Care home fined following death of vulnerable resident

A care home operator has been fined £400,000 for safety breaches, following the death of a vulnerable resident at a care home in Scotland.

On the night of 16 December 2021, Susan Greens, a resident at Springfield Bank Care Home, could not be found on the premises.

Springfield Bank Care Home

Following a search around the site in Bonnyrigg near Edinburgh, care assistants found the 95-year-old in her nightwear lying in an external courtyard.  Mrs Greens had fallen and struck her head in the courtyard where she had been in the cold for some time.

She was admitted to Edinburgh Royal Infirmary and sadly died in hospital two days later.

An investigation by the Health and Safety Executive (HSE) found Mrs Greens died because she was able to access the courtyard while unsupervised and had fallen, spending up to an hour and a half outside before staff came to her aid.

Springfield Bank Care Home is run by HC-One Ltd and is a purpose-built care home offering nursing and nursing dementia care.

Guidance on Health and safety in care homes ( is available helping those providing and managing care homes a better understanding of the real risks and how to manage them effectively.

At Edinburgh Sheriff Court on 22 February, care home provider HC-One Limited of Archer Street, Darlington pleaded guilty to breaching Regulations Section 3(1) and Section 33(1)(a) of the Health and Safety at Work etc. Act 1974. They were fined £400,000.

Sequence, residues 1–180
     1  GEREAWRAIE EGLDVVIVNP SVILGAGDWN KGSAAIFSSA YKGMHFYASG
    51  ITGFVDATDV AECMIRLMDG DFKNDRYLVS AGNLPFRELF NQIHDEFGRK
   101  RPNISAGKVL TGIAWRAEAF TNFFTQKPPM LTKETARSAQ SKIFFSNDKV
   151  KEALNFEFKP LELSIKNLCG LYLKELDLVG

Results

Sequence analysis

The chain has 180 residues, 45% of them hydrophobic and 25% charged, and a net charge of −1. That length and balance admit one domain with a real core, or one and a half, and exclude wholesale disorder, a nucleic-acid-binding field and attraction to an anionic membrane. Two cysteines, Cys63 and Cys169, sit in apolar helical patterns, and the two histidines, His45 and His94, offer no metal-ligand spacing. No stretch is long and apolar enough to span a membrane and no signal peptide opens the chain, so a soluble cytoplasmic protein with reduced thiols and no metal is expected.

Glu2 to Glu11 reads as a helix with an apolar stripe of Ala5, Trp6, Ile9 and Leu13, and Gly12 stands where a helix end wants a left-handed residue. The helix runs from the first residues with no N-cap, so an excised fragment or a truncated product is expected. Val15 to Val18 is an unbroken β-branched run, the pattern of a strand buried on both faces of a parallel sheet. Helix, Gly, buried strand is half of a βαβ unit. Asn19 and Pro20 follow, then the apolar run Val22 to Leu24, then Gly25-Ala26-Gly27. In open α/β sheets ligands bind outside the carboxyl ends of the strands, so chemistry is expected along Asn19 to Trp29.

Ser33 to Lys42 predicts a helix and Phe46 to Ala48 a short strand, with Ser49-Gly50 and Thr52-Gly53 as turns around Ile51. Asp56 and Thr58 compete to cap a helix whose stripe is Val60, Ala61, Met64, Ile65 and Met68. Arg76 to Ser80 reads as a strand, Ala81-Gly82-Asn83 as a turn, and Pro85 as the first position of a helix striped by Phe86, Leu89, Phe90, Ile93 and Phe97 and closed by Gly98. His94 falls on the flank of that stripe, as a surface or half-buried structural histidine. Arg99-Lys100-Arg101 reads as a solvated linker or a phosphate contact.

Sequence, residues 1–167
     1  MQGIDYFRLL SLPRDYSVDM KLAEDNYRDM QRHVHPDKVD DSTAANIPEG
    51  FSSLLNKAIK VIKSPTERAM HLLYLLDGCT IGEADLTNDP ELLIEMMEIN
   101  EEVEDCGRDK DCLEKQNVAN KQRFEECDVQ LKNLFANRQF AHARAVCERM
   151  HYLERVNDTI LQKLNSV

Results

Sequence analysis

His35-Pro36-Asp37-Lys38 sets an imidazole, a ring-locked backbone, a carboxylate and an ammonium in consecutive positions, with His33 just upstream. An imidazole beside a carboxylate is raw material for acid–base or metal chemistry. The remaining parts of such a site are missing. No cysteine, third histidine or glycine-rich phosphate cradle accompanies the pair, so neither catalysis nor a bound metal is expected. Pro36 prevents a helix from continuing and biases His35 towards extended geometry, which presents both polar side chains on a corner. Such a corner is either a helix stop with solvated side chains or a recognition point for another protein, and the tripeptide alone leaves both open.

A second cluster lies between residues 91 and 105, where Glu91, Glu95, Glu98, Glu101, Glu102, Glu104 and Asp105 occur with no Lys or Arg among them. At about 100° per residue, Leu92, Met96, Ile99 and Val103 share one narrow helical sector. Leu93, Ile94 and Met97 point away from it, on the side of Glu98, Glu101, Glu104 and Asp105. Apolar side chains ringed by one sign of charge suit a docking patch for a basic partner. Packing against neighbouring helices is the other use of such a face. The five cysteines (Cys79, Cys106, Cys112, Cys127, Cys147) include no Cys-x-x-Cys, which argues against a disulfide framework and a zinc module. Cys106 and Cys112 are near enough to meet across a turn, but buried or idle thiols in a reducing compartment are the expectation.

Speaking after the case, HSE inspector Kerry Cringan said: “This error cost a vulnerable old lady her life – families think that their loved ones will be safe in care.

“This was tragic and wholly avoidable. Had the doors been kept locked at night or had there been a system where staff would be told if the doors to the courtyard had been opened, the accident could have been avoided.”


Notes to Editors:

  1. The Health and Safety Executive (HSE) is Britain’s national regulator for workplace health and safety. We prevent work-related death, injury and ill health through regulatory actions that range from influencing behaviours across whole industry sectors through to targeted interventions on individual businesses. These activities are supported by globally recognised scientific expertise.
  2. More information about the legislation referred to in this case is available.
  3. Further details on the latest HSE news releases is available.